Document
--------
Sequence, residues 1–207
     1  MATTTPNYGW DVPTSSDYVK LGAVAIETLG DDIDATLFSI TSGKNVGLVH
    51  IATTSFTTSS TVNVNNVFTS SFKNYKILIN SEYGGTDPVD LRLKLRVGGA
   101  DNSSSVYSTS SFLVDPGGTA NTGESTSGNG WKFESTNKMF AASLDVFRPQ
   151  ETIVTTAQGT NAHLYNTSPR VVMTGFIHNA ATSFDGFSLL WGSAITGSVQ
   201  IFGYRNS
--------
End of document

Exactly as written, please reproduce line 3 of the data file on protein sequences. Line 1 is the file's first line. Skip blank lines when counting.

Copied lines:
    51  IATTSFTTSS TVNVNNVFTS SFKNYKILIN SEYGGTDPVD LRLKLRVGGA